Journal’s New Study Draws Conclusions On Risk Factors In Asthmatics

Dyspnea, or subjective shortness of breath, is usually a sign for asthmatics that they are experiencing an asthma attack. In a new study published in CHEST, the peer-reviewed journal of the American College of Chest Physicians (ACCP), researchers found that patients with a low perception of dyspnea (POD) had significantly increased visits to the emergency room, hospitalizations, near-fatal asthma, and death as compared to those with normal or high POD. POD is defined as the identification, evaluation, and interpretation of discomfort of breathing.
“Preventing a life-threatening attack, and certainly death, is a major concern in the ongoing treatment of asthmatic patients,” said Paltiel Weiner, MD, head of Department of Medicine A at the Hillel Yaffe Medical Center in Hadera, Israel. “POD is not readily measured in the treatment of asthmatics today, but with a simple test, we can identify patients with low POD, those with risk for fatal asthmatic attack. By carefully monitoring them, we can prevent death from asthma.”

Conducted at the Hillel Yaffe Medical Center, the study measured the POD in 113 patient subjects with stable asthma and related it to the incidence of near-fatal and fatal attacks within a two-year period. Results were compared with the PODs of 100 healthy matched subjects.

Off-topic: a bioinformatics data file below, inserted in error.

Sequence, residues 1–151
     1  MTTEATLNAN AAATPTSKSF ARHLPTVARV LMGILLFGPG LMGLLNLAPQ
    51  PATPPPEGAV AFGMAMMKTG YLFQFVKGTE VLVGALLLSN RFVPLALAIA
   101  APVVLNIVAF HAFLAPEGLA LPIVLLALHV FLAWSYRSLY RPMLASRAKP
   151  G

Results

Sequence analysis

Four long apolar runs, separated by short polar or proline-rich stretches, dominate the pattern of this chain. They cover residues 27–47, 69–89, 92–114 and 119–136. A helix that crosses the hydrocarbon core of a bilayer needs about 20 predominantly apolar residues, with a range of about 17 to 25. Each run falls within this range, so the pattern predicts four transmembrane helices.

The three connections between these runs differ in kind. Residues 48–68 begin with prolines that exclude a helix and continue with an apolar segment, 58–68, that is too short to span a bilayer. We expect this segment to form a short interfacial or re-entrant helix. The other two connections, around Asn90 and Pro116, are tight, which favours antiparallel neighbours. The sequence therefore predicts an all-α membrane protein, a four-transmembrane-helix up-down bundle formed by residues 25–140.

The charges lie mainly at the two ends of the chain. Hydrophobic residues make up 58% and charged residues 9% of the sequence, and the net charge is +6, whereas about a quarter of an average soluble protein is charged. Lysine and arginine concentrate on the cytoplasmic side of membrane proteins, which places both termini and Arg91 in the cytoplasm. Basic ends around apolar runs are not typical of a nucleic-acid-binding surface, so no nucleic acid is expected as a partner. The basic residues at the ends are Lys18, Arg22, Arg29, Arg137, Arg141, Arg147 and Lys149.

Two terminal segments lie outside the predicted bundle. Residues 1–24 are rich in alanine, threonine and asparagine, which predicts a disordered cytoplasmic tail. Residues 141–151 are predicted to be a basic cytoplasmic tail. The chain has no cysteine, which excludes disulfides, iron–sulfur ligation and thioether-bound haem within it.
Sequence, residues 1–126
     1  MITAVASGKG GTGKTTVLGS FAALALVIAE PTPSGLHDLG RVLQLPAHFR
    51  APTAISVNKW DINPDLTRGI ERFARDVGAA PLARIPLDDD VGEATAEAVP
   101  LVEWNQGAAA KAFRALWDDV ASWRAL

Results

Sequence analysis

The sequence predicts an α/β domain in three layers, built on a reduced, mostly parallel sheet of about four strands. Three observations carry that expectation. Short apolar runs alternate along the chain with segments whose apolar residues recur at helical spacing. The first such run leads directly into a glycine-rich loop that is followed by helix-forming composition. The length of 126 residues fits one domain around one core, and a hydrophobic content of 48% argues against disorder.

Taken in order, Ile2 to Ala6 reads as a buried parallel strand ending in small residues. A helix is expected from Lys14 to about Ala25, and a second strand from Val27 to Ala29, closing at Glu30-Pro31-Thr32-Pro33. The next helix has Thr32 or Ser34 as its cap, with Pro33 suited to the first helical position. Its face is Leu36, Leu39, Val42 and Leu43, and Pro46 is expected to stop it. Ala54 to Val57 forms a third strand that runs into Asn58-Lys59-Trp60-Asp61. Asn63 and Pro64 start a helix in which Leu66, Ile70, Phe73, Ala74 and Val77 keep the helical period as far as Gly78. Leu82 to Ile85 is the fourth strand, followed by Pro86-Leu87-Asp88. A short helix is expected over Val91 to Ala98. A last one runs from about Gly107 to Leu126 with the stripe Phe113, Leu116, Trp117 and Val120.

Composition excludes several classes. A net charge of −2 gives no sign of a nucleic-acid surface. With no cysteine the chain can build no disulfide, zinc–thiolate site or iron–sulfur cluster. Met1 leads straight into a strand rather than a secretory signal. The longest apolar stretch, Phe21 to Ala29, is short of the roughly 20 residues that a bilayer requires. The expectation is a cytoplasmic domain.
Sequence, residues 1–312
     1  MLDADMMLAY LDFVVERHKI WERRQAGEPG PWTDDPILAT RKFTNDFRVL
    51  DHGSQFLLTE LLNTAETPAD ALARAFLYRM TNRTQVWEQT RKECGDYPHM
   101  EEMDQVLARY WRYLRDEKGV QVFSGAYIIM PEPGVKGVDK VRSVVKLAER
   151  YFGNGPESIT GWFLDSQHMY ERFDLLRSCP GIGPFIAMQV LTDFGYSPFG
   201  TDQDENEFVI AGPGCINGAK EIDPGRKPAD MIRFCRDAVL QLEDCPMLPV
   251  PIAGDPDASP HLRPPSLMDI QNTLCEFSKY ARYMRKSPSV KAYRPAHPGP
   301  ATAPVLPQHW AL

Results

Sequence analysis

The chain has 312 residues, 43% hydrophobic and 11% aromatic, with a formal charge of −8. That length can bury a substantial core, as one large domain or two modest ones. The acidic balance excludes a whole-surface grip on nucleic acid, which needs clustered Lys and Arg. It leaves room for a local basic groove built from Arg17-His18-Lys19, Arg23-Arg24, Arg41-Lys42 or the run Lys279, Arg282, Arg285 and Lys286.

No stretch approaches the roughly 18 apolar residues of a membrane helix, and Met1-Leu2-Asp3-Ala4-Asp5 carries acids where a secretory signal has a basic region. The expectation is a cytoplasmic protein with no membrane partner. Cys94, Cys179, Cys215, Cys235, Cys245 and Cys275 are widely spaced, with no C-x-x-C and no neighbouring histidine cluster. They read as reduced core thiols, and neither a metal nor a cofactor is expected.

About 26{06cf2b9696b159f874511d23dbc893eb1ac83014175ed30550cfff22781411e5} of the subjects had low POD, as compared to 59{06cf2b9696b159f874511d23dbc893eb1ac83014175ed30550cfff22781411e5} with normal POD and 15{06cf2b9696b159f874511d23dbc893eb1ac83014175ed30550cfff22781411e5} with high POD. Researchers found that asthmatics with low POD, even without a history of near-fatal asthma, were more likely to suffer life-threatening attacks.

As compared to the other groups, low POD subjects tended to be older, female, and long-time asthma sufferers, as well as generally having severe asthma.

“This study has important implications for our role as clinicians and for prevention of death from asthma,” said ACCP President Sidney S. Braman, MD, FCCP. “Impaired perception of dyspnea should be considered in all high-risk asthmatics. If found, such patients can be monitored more closely.”

Asthma affects one in every 15 children, making it the most chronic disease in children. Meanwhile, 5{06cf2b9696b159f874511d23dbc893eb1ac83014175ed30550cfff22781411e5} of all adults in North America have the disease. Recent studies have shown that 1{06cf2b9696b159f874511d23dbc893eb1ac83014175ed30550cfff22781411e5} to 7{06cf2b9696b159f874511d23dbc893eb1ac83014175ed30550cfff22781411e5} of patients with asthma die from asthma attacks.

CHEST is available online each month at www.chestjournal.org. ACCP represents more than 15,000 members who provide clinical, respiratory, and cardiothoracic patient care in the U.S. and throughout the world.

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